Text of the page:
be prompted to enter the name of the file and other information.

The assembly process will create several files: MYDEMO.HEX (which con-
tains the new data to be programmed into the PIC), MYDEMO.LST (a listing
that contains error messages, if any), and a couple of files you can delete

If there are fatal errors, MYDEMO.HEX is not created and you have to look
at MYDEMO.LST to find out what went wrong.

Although your program should assemble without any errors, take a look at
MYDEMO.LST anyhow (using EDIT, PRED, or Windows Notepad). If you
programmed computers before 1980 or so, you've seen a lot of files like
this - it's a traditional compiler listing, designed to be printed, containing
every line of the program together with error messages and other
commentary from the compiler.

Don't get mixed up and edit the wrong file - remember that although the .LST
file contains the error messages, the .ASM file is the one you need to edit in
order to correct them!

You'll note that the TRIS PORTB instruction in the program provoked a
warning. The reason is that some higher-end PICs do not have this in-
struction, and although it works fine on the PIC16F84, Microchip is dis-
couraging people from using it. Pay no attention to the warnings; TRISB
(along with TRISA) is a perfectly legitimate instruction on the chips that
PICPRO uses.

Now start the PICPRO1 program and erase the PIC, then program MY-
DEMO.HEX into it. The procedure is the same as before. This time, when
you put the PIC into the LED chaser demonstration circuit, the action will be
significantly faster because you've reduced the value of a loop counter.

Frequently-asked questions

Does PICPRO work with all PCs?

It works with all the PCs we have tried, ranging from a 4.77-MHz 8088 to a
300-MHz Pentium II. There is a very small chance that your parallel port will
not drive PICPRO properly. In that case, try a different parallel port or a
different PC.

What kind of power supply is needed?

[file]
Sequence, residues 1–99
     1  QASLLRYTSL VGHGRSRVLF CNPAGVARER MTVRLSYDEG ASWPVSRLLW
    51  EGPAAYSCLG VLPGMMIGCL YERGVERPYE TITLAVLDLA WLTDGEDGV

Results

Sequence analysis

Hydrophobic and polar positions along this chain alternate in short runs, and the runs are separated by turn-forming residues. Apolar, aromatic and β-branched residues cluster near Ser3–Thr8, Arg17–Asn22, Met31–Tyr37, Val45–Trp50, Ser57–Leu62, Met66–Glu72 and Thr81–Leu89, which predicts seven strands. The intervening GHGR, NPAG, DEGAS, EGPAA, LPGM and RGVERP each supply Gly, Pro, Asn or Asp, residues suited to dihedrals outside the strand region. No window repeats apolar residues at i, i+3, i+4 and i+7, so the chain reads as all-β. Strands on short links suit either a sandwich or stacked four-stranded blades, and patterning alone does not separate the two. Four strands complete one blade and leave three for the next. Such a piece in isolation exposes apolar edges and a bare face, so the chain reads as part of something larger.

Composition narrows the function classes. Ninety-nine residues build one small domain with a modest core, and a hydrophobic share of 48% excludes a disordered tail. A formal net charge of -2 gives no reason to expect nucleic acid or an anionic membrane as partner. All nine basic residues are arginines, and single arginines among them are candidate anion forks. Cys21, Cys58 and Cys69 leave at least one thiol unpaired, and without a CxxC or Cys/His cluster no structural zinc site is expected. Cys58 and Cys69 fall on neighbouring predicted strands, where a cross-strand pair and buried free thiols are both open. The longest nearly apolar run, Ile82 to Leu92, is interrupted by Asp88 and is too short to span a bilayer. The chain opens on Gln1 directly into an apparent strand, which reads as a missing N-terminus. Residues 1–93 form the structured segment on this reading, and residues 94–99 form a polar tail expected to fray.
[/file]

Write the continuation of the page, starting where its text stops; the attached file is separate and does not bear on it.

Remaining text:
The power supply that comes with PICPRO may be labeled "12 volts," but
under light load it delivers more than 14 volts, and the circuit relies on this.
Input to PICPRO should always be at least 14 volts DC.

Where do I get the PIC assembler and simulator?

An assembler for DOS is included in the downloadable PICPRO run files; a
much better development system called MPLAB is available free of charge
from Microchip, Inc., at http://www.microchip.com. You can download it from
the web site or request a copy on CD-ROM.
The complete MPLAB package for Windows, including assembler and
simulator/debugger, is about 7 megabytes in size. That's less than an hour of
downloading at 28.8 kbaud.

It doesn't matter which version of MPLAB you get; all reasonably recent
versions work fine. Recent revisions fix bugs affecting other PICs, not the

Which kind of PIC should I buy, and where can I get it?

PICPRO will program any PIC16C84, PIC16F84, or PIC16F83 chip that you
can plug into it. The cheapest and most readily available of these is the
PIC16F84-04P. Here 04 means the maximum clock speed is 4 MHz (as op-
posed to 10) and P means it's in a plastic DIP package (not surface mount).

PICPRO is probably also suitable for the Iow-voltage PICs, PIC16LC84 and
PIC16LF84, although it has not been tested extensively with them.

You can buy PICs and PIC-related items from:

Digi-Key (1-800-DIGIKEY, http://www.digikey.com)
Jameco (http://www.jameco.com)
Dontronics (http://www.dontronics.com)

The last of these has a particularly interesting selection of resources for
experimenters and hobbyists.

Where can I learn more about PICs?

You can download PIC manuals in PDF form, or request printed manuals,
from Microchip, Inc. (http://www.microchip.com).

Beyond that, I particularly recommend the book Easy PIC'n, by David Ben-
son, published by Square One (squareone@zapcom.net). Advanced PIC
programming is covered in Design with PIC Microcontrollers, by John B.
Peatman, published by Prentice-Hall. Intermediate between these is Myke
Predko's Programming and Customizing the PIC Microcontroller, published
by TAB.

You can special-order these through any good bookstore or buy them online
at http://www.amazon.com.
Why do you use the TRIS instruction when Microchip says not to?

TRIS is a fully supported instruction in the PIC16C84 and related chips.
Microchip discourages people from using it for only one reason: some of the